Brian Korgel tests one of his printed solar cells. (UT Austin)
Using nanoparticle “inks” developed at University of Texas at Austin, solar cells could be printed more cheaply - with a roll-to-roll printing process on a plastic substrate or stainless steel. The prospect of painting the inks onto a rooftop or building is not far-fetched.

Brian Korgel, a University of Texas at Austin chemical engineer, is hoping to cut costs to one-tenth of their current price by replacing the standard manufacturing process for solar cells – gas-phase deposition in a vacuum chamber - which requires high temperatures and is relatively expensive.

Korgel and his team have been working on the solar cell–manufacturing process for the past two years. He is collaborating with professors Al Bard and Paul Barbara, of the Department of Chemistry and Biochemistry, and professor Ananth Dodabalapur of the Electrical and Computer Engineering Department.

“You’d have to paint the light-absorbing material and a few other layers as well,” Korgel said. “This is one step in the direction towards paintable solar cells.” Korgel uses the light-absorbing nanomaterials, which are 10,000 times thinner than a strand of hair, because their microscopic size allows for new physical properties that can help enable higher-efficiency devices.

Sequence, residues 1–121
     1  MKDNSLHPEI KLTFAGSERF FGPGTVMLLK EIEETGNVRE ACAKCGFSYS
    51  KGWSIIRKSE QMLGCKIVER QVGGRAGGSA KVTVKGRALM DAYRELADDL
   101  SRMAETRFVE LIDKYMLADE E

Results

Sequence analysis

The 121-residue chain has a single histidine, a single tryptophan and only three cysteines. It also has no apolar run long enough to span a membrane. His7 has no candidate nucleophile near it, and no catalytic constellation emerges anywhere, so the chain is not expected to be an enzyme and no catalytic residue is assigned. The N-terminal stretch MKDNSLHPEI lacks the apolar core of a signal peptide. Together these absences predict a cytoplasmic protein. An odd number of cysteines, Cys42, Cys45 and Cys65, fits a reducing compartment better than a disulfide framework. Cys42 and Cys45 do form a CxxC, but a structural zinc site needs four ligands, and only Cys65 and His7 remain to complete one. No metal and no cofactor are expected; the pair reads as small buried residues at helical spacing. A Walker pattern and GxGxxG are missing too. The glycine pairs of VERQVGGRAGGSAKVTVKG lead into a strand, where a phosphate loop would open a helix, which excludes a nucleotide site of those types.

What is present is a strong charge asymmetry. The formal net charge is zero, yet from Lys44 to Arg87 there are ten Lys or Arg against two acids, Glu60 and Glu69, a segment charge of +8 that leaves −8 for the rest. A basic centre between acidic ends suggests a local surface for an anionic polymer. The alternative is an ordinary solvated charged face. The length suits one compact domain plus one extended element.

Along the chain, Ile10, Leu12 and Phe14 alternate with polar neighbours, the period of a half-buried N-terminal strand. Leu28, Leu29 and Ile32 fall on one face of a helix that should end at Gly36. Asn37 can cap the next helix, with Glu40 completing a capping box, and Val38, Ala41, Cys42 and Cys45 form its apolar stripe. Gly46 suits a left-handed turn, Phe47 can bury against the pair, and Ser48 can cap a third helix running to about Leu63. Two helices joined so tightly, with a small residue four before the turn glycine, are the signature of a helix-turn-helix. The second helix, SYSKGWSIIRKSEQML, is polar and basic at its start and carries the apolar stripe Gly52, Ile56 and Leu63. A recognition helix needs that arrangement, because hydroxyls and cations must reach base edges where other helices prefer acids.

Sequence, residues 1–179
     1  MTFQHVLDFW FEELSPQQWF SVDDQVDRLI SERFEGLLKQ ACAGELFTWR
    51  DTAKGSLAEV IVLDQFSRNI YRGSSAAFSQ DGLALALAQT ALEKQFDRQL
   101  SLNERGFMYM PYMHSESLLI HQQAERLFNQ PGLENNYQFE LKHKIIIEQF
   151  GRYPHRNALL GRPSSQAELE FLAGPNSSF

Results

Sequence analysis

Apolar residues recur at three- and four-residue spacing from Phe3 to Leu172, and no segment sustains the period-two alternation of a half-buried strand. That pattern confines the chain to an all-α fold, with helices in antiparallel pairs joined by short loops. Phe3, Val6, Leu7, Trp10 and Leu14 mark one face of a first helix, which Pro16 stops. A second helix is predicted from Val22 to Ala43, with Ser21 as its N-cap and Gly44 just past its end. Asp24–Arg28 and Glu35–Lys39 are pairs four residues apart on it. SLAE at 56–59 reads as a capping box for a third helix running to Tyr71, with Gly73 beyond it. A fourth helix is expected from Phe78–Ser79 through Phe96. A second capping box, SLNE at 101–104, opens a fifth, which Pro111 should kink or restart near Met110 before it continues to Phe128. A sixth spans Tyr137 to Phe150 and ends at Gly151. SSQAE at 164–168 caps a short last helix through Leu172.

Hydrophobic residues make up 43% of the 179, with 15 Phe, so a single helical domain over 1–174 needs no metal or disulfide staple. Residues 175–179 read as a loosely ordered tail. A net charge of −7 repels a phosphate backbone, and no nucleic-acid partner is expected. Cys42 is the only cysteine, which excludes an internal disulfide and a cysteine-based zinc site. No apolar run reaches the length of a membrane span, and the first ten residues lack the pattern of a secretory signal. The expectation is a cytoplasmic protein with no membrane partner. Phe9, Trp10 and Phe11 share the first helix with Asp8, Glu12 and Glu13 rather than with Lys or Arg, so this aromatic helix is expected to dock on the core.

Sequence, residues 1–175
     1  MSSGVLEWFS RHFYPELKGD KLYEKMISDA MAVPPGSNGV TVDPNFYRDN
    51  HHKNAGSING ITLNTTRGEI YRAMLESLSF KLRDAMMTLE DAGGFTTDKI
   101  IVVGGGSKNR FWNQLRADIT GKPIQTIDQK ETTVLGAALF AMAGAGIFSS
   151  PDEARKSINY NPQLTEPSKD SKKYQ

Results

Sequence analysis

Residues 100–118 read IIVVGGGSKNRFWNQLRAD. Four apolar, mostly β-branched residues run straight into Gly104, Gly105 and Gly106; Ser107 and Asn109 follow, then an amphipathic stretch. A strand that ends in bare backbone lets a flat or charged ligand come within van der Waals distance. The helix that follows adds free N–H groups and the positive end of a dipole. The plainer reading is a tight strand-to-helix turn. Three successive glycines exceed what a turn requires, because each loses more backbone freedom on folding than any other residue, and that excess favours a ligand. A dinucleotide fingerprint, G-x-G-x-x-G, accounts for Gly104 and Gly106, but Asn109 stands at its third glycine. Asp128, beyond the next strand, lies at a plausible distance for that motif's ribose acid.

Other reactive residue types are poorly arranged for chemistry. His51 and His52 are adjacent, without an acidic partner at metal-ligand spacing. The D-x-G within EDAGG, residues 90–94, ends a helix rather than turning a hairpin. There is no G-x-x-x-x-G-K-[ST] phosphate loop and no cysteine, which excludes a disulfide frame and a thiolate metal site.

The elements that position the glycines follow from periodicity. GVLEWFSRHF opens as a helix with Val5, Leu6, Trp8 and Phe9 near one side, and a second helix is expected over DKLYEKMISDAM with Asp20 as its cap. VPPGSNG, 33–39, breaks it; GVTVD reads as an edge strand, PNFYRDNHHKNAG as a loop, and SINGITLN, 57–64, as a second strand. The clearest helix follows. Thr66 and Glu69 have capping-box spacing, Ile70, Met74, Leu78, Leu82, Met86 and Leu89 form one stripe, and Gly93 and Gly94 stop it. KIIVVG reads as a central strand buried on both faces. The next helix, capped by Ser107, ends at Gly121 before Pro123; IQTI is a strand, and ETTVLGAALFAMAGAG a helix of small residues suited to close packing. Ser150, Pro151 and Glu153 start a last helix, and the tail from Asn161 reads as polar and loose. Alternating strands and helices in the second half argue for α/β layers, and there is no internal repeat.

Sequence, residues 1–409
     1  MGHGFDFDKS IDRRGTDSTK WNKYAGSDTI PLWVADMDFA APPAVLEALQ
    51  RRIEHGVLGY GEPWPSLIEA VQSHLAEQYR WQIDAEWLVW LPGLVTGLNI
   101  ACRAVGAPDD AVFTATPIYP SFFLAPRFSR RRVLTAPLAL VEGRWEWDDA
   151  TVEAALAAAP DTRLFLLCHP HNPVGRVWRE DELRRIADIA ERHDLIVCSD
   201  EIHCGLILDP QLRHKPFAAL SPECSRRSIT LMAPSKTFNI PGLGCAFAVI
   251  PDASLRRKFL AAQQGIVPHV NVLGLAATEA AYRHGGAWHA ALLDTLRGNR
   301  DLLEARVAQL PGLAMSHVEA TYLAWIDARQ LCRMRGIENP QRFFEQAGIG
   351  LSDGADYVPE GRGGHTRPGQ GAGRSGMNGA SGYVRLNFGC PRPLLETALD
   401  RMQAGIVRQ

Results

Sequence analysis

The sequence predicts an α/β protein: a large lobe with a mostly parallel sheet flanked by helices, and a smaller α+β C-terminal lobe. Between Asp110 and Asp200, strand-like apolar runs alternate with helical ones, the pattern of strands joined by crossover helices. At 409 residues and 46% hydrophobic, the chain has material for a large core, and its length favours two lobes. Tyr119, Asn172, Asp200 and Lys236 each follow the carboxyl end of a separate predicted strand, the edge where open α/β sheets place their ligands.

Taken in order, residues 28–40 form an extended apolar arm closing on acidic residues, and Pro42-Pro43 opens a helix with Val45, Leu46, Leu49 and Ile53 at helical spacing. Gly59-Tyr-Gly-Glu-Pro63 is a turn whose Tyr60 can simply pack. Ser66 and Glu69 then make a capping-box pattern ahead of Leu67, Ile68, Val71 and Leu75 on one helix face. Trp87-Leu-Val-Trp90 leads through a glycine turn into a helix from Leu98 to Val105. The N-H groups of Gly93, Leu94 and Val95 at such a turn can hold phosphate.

In 2002, he co-founded a California-based company called Innovalight, which is producing inks using silicon as the basis. Now, Korgel and his team are using copper indium gallium selenide (CIGS), which is cheaper and more benign in terms of environmental impact.

“CIGS has some potential advantages over silicon,” Korgel said. “It’s a direct band gap semiconductor, which means that you need much less material to make a solar cell, and that’s one of the biggest potential advantages.”

His team has developed solar-cell prototypes with efficiencies at one percent. “If we get to 10 percent, then there’s real potential for commercialization,” Korgel said. “If it works, I think you could see it being used in three to five years.” Korgel also said that the inks, which are semi-transparent, could help realize the prospect of having windows that double as solar cells.

(University of Texas at Austin)